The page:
Back when Louis Gerstner took over IBM, there was a bit of a scandal. An analyst, it was not me (I was working for IBM at the time), asked him, after seeing a pitch saying IBM’s then technology was so powerful it would pay for itself in months, why, if it was so good, IBM did not use it? Gerstner replied, “would you rather I used this technology for our customers or us?” This answer was a false dilemma because there was no reason that the technology could not be used both internally and externally. I thought this was a unique position, but I often am amazed that tech companies, in general, do not deploy their technology internally aggressively at all, which suggests they don’t believe in their marketing.
I mean, if the technology at retail prices were so effective at paying for itself, wouldn’t that same technology at cost be far more attractive? NVIDIA is the only company that seems to use its technology in presentations and practice aggressively. Like with their AI workstation technology, they first seem to develop it for themselves and then sell it. This use of their technology is their superpower because people know that NVIDIA is the first customer for a new product they develop, and they take pride in using what they developed.
I think this should be identified as a best practice and that one of the first things we should ask any technology vendor is how widely they use their technology. This suggested response is because if it doesn’t make financial sense for them to deploy it at cost, it will likely never make sense for us to deploy it at all.
Eating Your Dogfood
There is a concept in our industry called “eating your own dogfood” that applies here because it refers to vendors using what they create. But that process can also have problems if the product isn’t competitive. Over the years, I’ve watched companies like Oracle (their un-competitive office suite), Sun Microsystems (Sun Ray One), and Microsoft (Zune) try to force the adoption of non-competitive products, and not only did these efforts not help sales, except Zune, they did a lot of damage to the related firms.
My example at IBM was on PROFS, a horrible product that was supposed to compete with Microsoft Office, even the executive responsible for the offering had never used it. Still, it passed off the use to his secretary. It wasn’t until a top IBM saleswoman, who I later worked with, when he asked why it wasn’t selling, took him to use the product that he concluded it was crap.
What makes NVIDIA somewhat unique is that they develop technology for themselves that they eventually sell externally. They use their technology aggressively in their presentations to the press and customers. They don’t just do demos; in a way, their entire pitch is a demo, and you’d think they were from Missouri rather than California because they aggressively prefer show over tell.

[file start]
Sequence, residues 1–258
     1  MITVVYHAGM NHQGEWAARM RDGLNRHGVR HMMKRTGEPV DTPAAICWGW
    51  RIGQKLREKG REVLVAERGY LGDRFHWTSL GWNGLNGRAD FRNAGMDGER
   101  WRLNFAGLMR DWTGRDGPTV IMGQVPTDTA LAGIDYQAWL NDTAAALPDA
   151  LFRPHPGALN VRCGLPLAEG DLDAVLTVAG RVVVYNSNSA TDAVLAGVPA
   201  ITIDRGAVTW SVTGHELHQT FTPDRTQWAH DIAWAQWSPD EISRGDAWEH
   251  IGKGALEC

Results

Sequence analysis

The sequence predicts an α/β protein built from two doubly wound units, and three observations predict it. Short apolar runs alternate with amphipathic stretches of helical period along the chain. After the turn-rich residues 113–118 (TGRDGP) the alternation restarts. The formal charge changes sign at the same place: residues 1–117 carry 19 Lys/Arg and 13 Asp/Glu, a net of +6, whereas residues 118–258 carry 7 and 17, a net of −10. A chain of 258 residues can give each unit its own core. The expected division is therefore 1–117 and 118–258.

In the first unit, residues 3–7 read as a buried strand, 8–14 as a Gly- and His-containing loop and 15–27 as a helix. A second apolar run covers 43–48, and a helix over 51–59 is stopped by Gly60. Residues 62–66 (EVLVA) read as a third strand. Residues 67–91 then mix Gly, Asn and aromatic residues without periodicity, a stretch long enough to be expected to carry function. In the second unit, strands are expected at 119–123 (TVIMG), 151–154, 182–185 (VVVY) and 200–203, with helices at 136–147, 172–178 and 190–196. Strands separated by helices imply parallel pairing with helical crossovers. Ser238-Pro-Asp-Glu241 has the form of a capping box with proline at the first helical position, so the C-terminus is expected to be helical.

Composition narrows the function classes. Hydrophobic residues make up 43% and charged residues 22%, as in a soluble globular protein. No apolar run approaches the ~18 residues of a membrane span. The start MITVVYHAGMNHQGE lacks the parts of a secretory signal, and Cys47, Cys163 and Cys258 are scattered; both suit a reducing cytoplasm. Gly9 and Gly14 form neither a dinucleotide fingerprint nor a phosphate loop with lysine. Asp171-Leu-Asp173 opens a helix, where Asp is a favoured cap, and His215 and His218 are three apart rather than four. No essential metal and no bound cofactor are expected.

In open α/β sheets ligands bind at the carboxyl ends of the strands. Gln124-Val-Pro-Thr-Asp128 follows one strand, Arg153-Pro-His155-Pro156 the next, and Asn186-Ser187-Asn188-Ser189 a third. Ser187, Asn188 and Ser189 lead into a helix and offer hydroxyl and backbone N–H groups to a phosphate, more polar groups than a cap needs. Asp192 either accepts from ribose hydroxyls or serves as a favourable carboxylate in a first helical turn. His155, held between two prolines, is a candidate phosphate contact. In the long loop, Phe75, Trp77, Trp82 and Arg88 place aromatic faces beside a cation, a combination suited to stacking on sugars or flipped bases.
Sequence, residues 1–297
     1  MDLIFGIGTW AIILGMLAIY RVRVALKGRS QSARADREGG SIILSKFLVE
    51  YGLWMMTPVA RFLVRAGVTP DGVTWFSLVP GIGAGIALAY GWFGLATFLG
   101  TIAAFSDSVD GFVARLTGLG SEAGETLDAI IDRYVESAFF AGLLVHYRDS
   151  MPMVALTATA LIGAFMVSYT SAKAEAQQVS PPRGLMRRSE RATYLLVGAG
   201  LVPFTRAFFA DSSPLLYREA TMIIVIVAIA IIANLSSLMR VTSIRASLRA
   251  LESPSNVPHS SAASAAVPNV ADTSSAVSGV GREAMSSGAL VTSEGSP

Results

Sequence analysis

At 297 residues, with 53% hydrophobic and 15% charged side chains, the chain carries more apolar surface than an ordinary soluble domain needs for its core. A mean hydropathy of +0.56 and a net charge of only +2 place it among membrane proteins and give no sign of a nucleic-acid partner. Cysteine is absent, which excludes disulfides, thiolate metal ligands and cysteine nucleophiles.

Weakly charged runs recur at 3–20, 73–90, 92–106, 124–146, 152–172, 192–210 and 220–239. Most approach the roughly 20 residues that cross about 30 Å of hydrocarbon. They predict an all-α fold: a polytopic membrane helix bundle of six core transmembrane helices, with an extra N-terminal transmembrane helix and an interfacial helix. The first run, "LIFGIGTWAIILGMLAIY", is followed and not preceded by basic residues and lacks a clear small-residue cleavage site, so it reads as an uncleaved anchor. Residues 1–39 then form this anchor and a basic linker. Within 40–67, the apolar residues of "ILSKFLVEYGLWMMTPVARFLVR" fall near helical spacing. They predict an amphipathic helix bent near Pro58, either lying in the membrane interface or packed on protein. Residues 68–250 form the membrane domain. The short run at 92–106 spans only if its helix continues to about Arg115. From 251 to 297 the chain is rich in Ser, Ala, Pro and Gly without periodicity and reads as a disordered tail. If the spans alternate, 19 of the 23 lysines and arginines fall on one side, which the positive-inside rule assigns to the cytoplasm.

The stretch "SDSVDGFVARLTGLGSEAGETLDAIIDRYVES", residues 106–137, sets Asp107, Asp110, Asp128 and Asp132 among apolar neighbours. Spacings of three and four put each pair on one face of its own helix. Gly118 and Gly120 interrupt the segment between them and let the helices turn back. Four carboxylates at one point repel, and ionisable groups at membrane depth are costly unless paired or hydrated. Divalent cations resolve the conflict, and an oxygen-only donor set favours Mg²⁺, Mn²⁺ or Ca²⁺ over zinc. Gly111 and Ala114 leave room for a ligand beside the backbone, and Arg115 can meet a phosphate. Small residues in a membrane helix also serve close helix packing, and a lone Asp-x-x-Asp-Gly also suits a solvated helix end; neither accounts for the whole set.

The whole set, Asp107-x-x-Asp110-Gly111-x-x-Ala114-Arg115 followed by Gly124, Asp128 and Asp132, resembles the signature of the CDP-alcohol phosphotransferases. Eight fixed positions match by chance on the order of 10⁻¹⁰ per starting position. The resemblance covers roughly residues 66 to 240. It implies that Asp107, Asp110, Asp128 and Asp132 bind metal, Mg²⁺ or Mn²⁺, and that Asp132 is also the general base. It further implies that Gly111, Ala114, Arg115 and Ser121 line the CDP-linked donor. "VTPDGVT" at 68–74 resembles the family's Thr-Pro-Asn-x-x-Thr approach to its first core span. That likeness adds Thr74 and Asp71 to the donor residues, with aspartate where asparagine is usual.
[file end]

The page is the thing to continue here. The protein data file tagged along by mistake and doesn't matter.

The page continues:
In NVIDIA, the product users are also often the ones involved in its creation, so there doesn’t seem to be the problem of forcing an uncompetitive product down the throats of employees. NVIDIA’s process assures the quality of the result, but their use validates and builds in a vital marketing element while also making NVIDIA more effective and productive.
Wrapping Up: Best Practice
One final story before I leave you is GM, where the then CEO looked out his executive window and noticed that the parking lot was full of Toyotas. He proclaimed that employees were mandated to drive GM cars. At the time, GM finance had too much say, and the company was building mostly cheap crap and this did partially resulted in better cars over time because no one wants to drive crap. However, the fix would have been quick if that executive had first asked why GM employees hated GM cars and fixed the problem of a too powerful and relatively clueless fiancé organization, resulting in positive change sooner.
It is not only a best practice for vendors to aggressively use their products and showcase that use but for buyers to aggressively look into the use, internally, of the vendor’s offering. Suppose the vendor could but doesn’t use their offerings. In that case, I suggest that the vendor is lying to you about the offering’s strength, if a vendor’s employees who get employee discounts don’t use the vendor’s products, avoid them, and if your people refuse to use your products because they suck, then prioritizing fixing the “suck” part should result in a far more viable offering.
Of the vendors I watch, NVIDIA does this the most aggressively and sets a standard that more of the rest should more aggressively emulate if they want similar success.